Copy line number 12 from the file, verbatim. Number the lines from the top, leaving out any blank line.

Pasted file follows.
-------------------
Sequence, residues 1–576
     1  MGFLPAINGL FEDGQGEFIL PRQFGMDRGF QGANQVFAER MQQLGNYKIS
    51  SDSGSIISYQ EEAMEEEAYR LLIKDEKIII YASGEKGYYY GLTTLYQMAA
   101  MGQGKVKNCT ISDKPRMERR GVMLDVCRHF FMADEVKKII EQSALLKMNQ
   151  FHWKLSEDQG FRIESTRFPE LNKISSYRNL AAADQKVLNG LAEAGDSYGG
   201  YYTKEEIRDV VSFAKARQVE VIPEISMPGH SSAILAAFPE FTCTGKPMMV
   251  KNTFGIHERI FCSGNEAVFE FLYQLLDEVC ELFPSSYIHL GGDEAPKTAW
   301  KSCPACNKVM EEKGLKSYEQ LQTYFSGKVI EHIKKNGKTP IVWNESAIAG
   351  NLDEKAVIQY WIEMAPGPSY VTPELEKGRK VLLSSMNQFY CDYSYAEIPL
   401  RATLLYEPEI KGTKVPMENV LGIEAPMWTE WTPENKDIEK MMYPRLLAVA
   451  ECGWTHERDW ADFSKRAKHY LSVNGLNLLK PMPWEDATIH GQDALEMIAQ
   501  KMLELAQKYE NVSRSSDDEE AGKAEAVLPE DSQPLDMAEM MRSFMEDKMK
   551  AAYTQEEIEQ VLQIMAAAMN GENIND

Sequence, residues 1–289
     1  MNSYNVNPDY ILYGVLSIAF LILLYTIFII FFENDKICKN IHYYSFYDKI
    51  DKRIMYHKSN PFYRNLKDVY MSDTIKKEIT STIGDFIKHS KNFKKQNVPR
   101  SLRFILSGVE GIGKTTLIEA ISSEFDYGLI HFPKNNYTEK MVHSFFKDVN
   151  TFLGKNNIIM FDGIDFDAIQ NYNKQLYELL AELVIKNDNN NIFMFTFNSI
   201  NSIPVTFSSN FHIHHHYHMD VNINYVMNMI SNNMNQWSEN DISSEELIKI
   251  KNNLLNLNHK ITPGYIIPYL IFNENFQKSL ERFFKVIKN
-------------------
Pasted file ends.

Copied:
   501  KMLELAQKYE NVSRSSDDEE AGKAEAVLPE DSQPLDMAEM MRSFMEDKMK